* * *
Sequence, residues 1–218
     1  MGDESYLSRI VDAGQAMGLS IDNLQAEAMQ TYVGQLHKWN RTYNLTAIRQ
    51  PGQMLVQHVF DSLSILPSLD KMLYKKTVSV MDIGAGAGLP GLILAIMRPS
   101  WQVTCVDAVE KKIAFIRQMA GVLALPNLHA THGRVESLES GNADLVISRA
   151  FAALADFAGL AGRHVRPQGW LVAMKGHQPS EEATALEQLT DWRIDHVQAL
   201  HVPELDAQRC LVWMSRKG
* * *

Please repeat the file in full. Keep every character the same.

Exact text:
Sequence, residues 1–218
     1  MGDESYLSRI VDAGQAMGLS IDNLQAEAMQ TYVGQLHKWN RTYNLTAIRQ
    51  PGQMLVQHVF DSLSILPSLD KMLYKKTVSV MDIGAGAGLP GLILAIMRPS
   101  WQVTCVDAVE KKIAFIRQMA GVLALPNLHA THGRVESLES GNADLVISRA
   151  FAALADFAGL AGRHVRPQGW LVAMKGHQPS EEATALEQLT DWRIDHVQAL
   201  HVPELDAQRC LVWMSRKG